Ramsey will remain the police commissioner there, even though he recently had a private meeting with Mayor-elect Rahm Emanuel.
Ramsey was a Chicagoan at birth and remained a Chicagoan at heart, even after leaving the Chicago Police Department in 1998 to be police superintendent in Washington, D.C., and then Philadelphia. Now that Ramsey has chosen to remain there, the Chicago Police Derby is back on.
Late Wednesday, Mayor-elect Emanuel said applications are due to the police board on Monday and he looks forward to reviewing the candidates that the board selects.
"Last night I met with the mayor," Ramsey said. "I told him what I planned on doing, and as a result of our conversation and the experiences I've had in Philadelphia over the past three years, I'd like to just stay right here in Philadelphia."
With Ramsey's announcement, there were cheers to the east Wednesday, and in Chicago there were as well -- at least for those other candidates who now have a renewed chance to be police superintendent here.
Mayor-elect Emanuel has said he wants to have a police superintendent hired by his inauguration day, May 16.
Ramsey and former Los Angeles police chief William Bratton led the list of most prominent possibilities after Emanuel was elected. Both men are now out of the picture.
"The emotional toll and tug of the prospect of going back to your hometown, the place where you started, and to take on other challenges has been great, it has weighed on him, it has weighed on all of us, weighed on his family," said Philadelphia Mayor Michael Nutter.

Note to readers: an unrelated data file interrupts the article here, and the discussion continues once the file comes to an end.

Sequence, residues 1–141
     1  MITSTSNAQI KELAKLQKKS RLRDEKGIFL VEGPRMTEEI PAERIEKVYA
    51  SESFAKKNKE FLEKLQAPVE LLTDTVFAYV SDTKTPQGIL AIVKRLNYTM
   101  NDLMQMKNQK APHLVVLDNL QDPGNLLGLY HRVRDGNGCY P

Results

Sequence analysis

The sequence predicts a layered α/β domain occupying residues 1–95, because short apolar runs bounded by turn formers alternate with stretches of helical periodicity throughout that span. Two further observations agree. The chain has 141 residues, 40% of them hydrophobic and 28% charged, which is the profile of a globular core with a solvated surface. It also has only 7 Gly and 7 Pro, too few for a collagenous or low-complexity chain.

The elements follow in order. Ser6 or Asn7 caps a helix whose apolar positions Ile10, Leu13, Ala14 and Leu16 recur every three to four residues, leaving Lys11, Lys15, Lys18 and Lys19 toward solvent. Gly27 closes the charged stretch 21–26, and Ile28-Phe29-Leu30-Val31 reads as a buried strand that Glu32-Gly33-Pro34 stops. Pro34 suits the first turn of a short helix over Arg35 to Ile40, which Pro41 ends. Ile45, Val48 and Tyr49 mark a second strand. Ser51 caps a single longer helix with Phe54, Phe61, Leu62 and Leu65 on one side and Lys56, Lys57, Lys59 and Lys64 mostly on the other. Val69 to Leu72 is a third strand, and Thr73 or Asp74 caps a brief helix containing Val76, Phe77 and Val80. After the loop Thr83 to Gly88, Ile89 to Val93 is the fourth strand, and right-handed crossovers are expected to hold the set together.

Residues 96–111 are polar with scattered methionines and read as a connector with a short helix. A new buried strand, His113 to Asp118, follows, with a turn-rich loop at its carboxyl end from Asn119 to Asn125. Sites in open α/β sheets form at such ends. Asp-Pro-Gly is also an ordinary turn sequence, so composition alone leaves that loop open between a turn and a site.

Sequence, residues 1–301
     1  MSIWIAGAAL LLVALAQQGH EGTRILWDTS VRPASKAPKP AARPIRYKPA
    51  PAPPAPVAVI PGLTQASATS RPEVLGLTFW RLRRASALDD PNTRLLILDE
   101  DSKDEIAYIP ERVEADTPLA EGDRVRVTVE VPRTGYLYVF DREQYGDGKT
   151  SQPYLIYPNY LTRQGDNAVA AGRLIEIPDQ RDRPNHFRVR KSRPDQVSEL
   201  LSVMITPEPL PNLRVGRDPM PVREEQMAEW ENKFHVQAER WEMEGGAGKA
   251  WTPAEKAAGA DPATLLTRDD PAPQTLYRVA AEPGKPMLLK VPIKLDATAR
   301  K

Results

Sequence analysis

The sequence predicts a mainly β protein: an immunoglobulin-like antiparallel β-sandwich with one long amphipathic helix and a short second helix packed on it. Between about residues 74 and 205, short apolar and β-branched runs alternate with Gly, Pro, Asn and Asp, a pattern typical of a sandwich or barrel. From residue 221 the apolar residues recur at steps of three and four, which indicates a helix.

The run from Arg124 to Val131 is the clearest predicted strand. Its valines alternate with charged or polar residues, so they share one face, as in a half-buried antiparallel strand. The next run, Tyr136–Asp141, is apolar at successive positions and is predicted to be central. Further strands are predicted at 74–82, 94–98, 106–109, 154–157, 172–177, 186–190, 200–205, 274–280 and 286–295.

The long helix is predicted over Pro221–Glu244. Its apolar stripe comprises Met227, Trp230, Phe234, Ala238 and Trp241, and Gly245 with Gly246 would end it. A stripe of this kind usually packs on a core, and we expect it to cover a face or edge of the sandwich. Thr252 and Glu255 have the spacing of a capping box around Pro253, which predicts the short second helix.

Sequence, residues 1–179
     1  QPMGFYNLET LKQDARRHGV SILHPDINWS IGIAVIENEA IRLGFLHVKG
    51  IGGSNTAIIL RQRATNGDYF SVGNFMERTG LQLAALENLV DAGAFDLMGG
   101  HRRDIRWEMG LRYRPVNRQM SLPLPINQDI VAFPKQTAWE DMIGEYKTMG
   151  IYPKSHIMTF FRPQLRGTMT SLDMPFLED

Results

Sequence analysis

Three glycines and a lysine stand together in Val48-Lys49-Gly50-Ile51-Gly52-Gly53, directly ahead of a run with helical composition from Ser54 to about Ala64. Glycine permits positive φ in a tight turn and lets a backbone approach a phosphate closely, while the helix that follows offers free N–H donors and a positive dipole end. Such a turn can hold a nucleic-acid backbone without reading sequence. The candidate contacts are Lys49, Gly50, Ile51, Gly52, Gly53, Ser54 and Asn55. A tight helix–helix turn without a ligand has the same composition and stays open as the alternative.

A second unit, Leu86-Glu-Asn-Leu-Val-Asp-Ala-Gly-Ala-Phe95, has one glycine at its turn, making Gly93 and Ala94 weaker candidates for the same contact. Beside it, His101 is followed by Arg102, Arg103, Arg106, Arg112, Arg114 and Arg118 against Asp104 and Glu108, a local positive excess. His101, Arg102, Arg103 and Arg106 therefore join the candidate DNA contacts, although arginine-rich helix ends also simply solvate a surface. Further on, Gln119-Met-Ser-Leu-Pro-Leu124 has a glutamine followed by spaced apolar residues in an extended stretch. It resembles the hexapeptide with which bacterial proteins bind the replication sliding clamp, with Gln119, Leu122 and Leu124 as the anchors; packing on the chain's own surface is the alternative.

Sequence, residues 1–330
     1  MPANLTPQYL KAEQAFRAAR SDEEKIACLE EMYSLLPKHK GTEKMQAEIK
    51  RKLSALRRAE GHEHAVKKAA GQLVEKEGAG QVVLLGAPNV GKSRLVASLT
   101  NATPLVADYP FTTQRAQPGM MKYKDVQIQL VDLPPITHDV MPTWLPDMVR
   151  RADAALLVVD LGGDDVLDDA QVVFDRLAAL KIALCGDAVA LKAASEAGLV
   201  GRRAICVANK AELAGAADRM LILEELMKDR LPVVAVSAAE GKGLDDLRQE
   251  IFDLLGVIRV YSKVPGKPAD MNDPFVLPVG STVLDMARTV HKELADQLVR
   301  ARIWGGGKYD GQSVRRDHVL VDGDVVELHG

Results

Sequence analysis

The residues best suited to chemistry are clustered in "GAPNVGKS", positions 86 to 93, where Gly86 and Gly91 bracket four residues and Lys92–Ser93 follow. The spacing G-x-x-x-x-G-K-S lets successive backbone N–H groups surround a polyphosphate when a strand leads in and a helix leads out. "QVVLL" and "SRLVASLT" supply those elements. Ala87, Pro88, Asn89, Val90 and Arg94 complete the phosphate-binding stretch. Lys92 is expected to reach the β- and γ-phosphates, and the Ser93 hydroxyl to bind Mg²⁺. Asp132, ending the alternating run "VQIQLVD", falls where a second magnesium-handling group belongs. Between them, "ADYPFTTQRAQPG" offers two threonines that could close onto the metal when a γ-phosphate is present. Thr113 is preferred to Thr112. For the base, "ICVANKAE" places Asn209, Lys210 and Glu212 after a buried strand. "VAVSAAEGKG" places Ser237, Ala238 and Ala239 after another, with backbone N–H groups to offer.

Now, some attention will again focus on Michael Shields, Michelle Obama's cousin with 21 years Chicago police experience, including time in the detective division as deputy chief from 2002 to 2008. In May of 2009, Shields was named security chief for the beleaguered Chicago Public Schools.
Although he declined to discuss it, Ramsey reportedly wanted $400,000 a year to take the job in Chicago, far more than ousted superintendent Jody Weis made.
"I wish Chicago the very best. I'm sure they'll find a great superintendent. I wish Mayor Emanuel the best. There was no decision I ever made that was any harder than the one I made now," Ramsey said.
As late as Tuesday night Ramsey was telling friends he was set to move back to Chicago even if he had to take less salary than he wanted. But then Philadelphia's mayor offered a $60,000 a year raise to stay put and that cinched it. Ramsey will now be paid $255,000 a year, which is within the range that Chicago is probably going to offer.
Mayor-elect Emanuel says he continues to identify the best candidate who "shares his philosophy that the beat officer is the backbone of the force."